I'm currently taking a data mining class, and I'm trying to do as much of the coding in the class using R for practice. We are using Weka 3 which so far is proving to be a pretty neat (FREE) data mining tool. To meet my goal of improving my R skills while taking this class I needed to find a way to read .arff data files from Weka into R so that I can access the data to run the assigned tasks. The first option, which is what most of my classmates are doing, is of course is to load the data into Weka and convert it to a CSV file and then load that file into R using the read.csv() command. I was curious to see if I could do it more directly.
Welcome to the first ever Coding Pad Blog Contest!! We're giving away some stuff - so read on! What's the occasion? - None really, just thought it would be cool to celebrate the MODx Content Management Framework/System What's my goal? - To get more exposure for MODx and to get more people interested in MODx and it's power and flexibility. And ofcourse, to invite more interaction on the Coding Pad :) What's up for grabs? -
- A copy of the MODx Web Development book by Antonio Solar John. This is the first ever MODx book in the English language. I currently have three copies to give away to three winners, but hope to get more in the coming days.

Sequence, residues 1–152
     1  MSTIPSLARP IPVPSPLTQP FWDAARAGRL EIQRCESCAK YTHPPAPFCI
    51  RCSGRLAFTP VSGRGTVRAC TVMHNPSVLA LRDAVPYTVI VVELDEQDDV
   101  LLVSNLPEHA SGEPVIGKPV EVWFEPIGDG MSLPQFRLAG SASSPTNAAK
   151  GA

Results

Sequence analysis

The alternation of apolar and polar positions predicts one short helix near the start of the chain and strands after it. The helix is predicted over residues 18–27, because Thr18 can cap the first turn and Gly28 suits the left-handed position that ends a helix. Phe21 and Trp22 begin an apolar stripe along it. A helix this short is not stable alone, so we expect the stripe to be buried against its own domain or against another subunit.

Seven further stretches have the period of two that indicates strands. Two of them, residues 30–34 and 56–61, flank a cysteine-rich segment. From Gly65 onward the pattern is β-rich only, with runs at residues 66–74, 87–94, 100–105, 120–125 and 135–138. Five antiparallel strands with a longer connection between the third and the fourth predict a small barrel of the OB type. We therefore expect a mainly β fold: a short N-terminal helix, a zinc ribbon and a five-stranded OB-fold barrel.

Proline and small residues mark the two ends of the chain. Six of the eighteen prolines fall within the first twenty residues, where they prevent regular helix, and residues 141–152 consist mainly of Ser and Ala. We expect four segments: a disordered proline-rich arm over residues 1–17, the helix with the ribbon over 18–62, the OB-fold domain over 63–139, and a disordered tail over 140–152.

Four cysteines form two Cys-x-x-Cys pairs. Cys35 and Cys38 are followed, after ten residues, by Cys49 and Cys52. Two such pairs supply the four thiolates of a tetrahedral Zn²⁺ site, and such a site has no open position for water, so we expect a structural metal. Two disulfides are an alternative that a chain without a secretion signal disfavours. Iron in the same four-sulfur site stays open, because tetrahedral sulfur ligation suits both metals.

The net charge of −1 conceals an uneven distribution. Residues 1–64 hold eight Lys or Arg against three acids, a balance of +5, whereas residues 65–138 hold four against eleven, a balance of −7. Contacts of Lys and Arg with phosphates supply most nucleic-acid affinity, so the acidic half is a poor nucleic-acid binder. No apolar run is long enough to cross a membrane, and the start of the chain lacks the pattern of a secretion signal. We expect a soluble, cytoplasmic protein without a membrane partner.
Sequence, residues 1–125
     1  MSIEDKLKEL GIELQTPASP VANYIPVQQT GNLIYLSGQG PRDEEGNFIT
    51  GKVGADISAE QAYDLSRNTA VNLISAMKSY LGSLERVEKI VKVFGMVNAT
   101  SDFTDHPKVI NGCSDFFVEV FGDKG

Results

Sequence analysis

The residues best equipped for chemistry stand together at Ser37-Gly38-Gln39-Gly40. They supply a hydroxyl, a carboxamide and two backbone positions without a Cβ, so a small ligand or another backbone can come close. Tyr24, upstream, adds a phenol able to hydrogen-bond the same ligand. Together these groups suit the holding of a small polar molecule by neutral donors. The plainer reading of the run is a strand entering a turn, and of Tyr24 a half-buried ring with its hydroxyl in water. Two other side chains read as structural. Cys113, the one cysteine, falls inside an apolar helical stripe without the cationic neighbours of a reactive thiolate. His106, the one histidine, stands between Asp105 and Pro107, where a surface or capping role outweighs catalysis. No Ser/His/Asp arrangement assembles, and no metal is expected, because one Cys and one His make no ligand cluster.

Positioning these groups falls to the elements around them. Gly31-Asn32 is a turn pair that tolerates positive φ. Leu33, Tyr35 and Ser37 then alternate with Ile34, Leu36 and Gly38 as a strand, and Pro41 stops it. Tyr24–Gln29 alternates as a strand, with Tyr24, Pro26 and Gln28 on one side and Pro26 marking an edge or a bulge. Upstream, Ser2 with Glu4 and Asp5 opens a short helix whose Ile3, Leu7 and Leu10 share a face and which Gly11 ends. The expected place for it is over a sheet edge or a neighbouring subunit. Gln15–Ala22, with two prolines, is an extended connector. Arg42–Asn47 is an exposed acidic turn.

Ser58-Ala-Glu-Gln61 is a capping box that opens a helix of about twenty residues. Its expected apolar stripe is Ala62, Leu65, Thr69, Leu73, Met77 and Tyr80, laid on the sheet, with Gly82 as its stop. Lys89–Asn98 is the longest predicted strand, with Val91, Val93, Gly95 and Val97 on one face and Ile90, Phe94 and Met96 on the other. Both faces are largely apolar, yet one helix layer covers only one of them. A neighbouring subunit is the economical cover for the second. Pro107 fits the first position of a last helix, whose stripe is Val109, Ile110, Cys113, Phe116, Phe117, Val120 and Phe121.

- In addition to the book, the top winning entry will also get a namecheap account with $20 credit (you can use this for purchasing domain names) and a three month membership to the tuts+ network!
- In addition to the book, the second winning entry will get a three month membership to the tuts+ network.
- In addition to the book, the third winning entry will get an opportunity for some free MODx consulting from modxguru.com's Shane Sponagle, an experienced MODx Developer. You get to choose from one of two consulting options: an analysis of your MODx website with a report on how to improve your website, or 2 hours of email support consulting. You will have three months from the day the contest ends to utilize the consultation.
- The fourth and fifth winning entries will each get a one month membership to the tuts+ network
I ran into an interesting situation the other day when trying to import some data into Excel. I had a text file with words and definitions that I needed to have in two columns in Excel, one for the word and one for the definition. The words and their definitions were separated by a hyphen (-), so I could have…
In response to my post on importing large files into Excel by first splitting them, one of my readers, JP pointed out to me that you can bypass the splitting step by using a VBA macro to do the import. As you may know, Excel has a cut off of 65,536 rows, and so if you want to import a…
If you have a large csv file that you have tried to open in Excel, you know how troublesome that can be, because Excel is limited in the number of rows and columns of data it can handle - 65,536 rows of data and 256 columns per worksheet. Truncation of rows or columns in excess of the limit is automatic…